Does Roger Federer need a coach? Or is even asking this question a form of heresy? Federer has dominated tennis so regally and comprehensively over the past four years that he has come to be regarded as an avatar of tennis' code of self-reliance. Goes the thinking: He's so good, he doesn't need a coach. Federer, so many note, is a throwback to the days when the great Australian champions such as Rod Laver and Ken Rosewall autonomously traveled the world without entourages.
But maybe that's more a projection of desires than reality. The Aussies not only had Harry Hopman helping direct their training routines, but they also had each other. Many would willingly offer themselves up as practice partners and scouts for their mates.
Federer made a comment in Australia that revealed touches of insularity. "I usually concentrate on my own game," he said. "I used to concentrate much more when I was younger. Right now, it's all automatic. I don't actually have to necessarily change my game a whole lot."
Had Federer won the Australian Open, the comment would have passed by unnoticed. But he didn't, and such events as his third-round struggle versus Janko Tipsarevic and subsequent semifinal loss to Novak Djokovic have revealed more vulnerability and tactical passivity than we are used to seeing from the mighty Swiss. With a younger generation nipping at his heels -- as Nadal has since 2005 -- it's likely Federer will not approach future high-stakes matches unaware of how his opponents play."Every few years, guys improve, and you better have what it takes to handle those adjustments," Andre Agassi told ESPN.com last year. "If you don't, you'll be left
This is not intended as a suggestion that Federer's decline is about to commence. Although he certainly is more likely to feel the wind at his back over the next two years, the business of predicting a champion's descent is a dangerous one.
But why shouldn't Federer have a coach? Last spring, he fired the deeply respected Tony Roche, perhaps frustrated by Roche's unwillingness to travel full time. Or maybe the fault was Federer's -- the natural stubbornness you might expect from such a dominant champion.
Although Roche did not appear to micromanage Federer too much, it is notable that soon after jettisoning Roche, Federer played a miserable French Open final. And although he won both Wimbledon and the U.S. Open, he fought through bad patches of play in both finals.
An extra voice -- if it's one the client respects -- can be quite valuable. Ernest Hemingway cherished his editor, Maxwell Perkins. Muhammad Ali hung on the words of cornerman Angelo Dundee. In tennis, such heavyweights as Martina Navratilova, Jimmy Connors and Pete Sampras leaned on others, too.
"I always felt it was my job to remind Pete of what he could do as a player in a way that was pointed and simple," said Paul Annacone, Sampras' former coach."When we got back together in 2002, the message as we geared up for that year's U.S. Open was very clear: Use your athleticism. That may seem obvious, but sometimes just planting a basic idea in a player's mind can accomplish a lot."
What idea might work for Federer? Consider this one: Bring even more of your variety to the table. If you want to win the French Open, stop trying to go toe to toe with Rafael Nadal by hitting topspin backhands to Nadal's forehand. Use the slice backhand more. Hit down the middle. Vary serves and returns.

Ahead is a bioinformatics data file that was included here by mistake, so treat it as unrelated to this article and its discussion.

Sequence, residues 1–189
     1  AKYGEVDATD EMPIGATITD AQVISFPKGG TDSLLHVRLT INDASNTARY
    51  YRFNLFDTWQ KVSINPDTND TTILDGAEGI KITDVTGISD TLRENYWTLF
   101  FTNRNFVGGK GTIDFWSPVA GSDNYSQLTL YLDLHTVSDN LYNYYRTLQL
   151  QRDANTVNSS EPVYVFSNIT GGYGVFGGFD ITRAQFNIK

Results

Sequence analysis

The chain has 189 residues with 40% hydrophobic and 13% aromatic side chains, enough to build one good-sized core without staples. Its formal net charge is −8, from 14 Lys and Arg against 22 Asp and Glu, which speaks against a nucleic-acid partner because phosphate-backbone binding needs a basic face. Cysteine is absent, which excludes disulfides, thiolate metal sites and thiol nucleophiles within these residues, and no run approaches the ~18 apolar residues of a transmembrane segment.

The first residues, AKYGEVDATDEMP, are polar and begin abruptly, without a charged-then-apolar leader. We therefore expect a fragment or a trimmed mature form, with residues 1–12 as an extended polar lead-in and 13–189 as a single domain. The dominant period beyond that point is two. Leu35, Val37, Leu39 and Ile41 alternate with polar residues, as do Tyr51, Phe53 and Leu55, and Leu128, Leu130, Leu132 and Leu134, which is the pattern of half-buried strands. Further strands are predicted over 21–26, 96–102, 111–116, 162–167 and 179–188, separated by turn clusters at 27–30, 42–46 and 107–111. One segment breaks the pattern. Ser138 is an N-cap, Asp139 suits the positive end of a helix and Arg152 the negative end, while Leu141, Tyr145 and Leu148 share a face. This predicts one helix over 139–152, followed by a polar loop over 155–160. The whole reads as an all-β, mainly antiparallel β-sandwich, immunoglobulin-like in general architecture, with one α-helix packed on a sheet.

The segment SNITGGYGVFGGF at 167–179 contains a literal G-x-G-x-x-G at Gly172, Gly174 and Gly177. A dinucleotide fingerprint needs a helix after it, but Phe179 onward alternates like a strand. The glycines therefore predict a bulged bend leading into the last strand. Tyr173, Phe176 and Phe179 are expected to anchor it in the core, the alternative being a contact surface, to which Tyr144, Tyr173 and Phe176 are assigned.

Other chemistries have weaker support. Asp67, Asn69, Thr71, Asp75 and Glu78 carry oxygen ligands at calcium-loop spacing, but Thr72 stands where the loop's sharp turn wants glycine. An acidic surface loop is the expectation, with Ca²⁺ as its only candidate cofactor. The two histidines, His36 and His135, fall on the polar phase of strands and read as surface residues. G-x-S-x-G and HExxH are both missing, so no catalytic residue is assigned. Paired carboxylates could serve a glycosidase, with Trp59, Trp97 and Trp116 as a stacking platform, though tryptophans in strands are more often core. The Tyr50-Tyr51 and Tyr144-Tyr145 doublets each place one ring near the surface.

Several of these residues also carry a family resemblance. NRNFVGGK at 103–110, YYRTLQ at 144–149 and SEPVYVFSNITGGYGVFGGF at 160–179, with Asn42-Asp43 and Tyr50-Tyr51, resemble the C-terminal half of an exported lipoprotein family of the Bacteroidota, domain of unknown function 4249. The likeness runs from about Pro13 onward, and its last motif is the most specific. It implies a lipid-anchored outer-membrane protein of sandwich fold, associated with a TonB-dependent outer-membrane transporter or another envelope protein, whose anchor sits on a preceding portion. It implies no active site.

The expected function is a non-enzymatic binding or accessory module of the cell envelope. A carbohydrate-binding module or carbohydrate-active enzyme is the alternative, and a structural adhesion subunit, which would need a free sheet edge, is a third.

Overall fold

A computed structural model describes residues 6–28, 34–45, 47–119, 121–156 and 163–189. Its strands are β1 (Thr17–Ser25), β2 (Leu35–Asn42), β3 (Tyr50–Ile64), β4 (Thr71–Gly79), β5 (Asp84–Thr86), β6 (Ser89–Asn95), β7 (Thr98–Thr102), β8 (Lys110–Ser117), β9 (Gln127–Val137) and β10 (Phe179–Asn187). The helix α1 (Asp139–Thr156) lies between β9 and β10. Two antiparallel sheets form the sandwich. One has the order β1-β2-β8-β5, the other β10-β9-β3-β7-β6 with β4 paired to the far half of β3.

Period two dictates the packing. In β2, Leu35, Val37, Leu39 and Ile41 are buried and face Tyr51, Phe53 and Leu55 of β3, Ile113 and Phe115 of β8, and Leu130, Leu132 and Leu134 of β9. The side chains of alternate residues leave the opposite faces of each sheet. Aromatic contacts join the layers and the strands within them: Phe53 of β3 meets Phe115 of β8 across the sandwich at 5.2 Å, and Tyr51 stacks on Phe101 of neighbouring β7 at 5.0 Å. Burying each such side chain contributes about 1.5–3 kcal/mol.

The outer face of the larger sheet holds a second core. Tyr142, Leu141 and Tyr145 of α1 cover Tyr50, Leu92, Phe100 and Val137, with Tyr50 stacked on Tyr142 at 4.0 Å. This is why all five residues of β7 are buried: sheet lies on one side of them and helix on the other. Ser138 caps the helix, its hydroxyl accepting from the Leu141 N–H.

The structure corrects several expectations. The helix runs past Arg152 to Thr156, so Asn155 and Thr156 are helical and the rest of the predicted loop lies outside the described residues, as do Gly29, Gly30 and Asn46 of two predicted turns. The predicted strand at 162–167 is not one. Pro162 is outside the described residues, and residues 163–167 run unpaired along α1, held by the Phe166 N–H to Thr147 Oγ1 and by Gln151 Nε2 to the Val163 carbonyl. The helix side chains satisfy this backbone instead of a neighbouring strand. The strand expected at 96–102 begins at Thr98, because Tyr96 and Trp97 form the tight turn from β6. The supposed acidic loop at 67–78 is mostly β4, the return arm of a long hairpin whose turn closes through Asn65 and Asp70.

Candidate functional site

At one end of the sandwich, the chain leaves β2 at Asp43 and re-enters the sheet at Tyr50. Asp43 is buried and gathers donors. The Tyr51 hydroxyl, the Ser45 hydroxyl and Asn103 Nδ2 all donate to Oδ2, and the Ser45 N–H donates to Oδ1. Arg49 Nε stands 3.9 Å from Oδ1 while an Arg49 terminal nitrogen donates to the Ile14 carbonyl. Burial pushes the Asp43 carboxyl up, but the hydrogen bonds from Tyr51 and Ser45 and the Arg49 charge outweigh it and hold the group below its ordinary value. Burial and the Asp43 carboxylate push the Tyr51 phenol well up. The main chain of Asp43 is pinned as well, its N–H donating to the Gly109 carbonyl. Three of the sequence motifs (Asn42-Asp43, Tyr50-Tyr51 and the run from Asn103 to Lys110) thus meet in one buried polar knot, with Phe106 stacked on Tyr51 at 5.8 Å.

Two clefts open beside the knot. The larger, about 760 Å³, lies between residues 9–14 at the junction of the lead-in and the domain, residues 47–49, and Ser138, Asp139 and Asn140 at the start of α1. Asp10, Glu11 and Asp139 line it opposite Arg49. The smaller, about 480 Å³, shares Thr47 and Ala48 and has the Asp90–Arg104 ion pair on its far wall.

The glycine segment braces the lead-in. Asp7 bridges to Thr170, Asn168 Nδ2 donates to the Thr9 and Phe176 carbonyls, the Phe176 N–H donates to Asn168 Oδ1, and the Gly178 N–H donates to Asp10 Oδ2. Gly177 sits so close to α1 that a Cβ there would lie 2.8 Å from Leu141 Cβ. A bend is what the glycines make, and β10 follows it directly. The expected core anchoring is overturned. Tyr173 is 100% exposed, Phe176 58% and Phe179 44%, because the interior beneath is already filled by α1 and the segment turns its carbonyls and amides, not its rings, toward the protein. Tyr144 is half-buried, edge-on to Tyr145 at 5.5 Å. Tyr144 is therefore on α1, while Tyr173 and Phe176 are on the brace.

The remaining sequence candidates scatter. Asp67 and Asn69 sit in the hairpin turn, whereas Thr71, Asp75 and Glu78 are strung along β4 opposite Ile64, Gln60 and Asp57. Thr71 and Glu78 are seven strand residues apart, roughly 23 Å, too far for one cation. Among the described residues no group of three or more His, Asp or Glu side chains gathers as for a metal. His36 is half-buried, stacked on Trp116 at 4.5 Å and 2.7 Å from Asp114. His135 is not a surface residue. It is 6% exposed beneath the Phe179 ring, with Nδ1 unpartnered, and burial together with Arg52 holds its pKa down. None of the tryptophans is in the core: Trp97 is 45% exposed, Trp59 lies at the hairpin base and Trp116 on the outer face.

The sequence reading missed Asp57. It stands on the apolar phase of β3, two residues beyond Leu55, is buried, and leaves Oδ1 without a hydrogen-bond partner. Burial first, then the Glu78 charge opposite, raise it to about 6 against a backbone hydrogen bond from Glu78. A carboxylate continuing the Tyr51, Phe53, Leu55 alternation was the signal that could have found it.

But in the world of pro tennis, the messenger is even more important than the message. There are probably 100 teaching pros who could share these kind of insights with Federer, but they likely would not command his attention. This has less to do with any form of arrogance on Federer's part and more to do with the dynamic of professional tennis -- an insular world in which the true inner sanctum is the locker.
So what kind of coach would work for Federer? Probably not an excessively vocal type such as Brad Gilbert or Larry Stefanki. These two are brilliant but gung-ho in a way that would impinge on Federer's low-key disposition. Nor would he benefit from the paternalism of a Nick Bollettieri or the technical proficiency of a Robert Lansdorp.
The criteria for Federer's coach: Unobtrusive, kindly devoted, familiar with the rituals of the men's game, but willing to bring a few new ideas to the table in ways Federer hasn't thought of before. Annacone would be excellent, as would other wise minds such as Mats Wilander or Jose Higueras.
But the nation Federer most reveres is the one he just left: Australia. His primary coach through his teens was an Australian, Peter Carter. Carter imbued Federer with that nation's work ethic and no-nonsense approach to competition. Carter's sudden death in a car accident in 2002 was the spark that triggered Federer's shift from promising boy to champion man. It was Australia that heavily drew Federer to Roche.
And perhaps, should he seek a new coach, Federer might well join forces with another Australian, Darren Cahill. Having previously worked with Lleyton Hewitt and Andre Agassi, Cahill knows about the game at its highest levels. Equally important is his ability to keep counsel. Although always kind, during his terms with each player, he was notorious for rarely giving interviews or doing anything other than look after his player. But the ball is in Federer's court. How could having a coach hurt him? Even a Ferrari needs a mechanic.
Joel Drucker is based in Oakland, Calif., and writes for Tennis Magazine and Tennis Channel.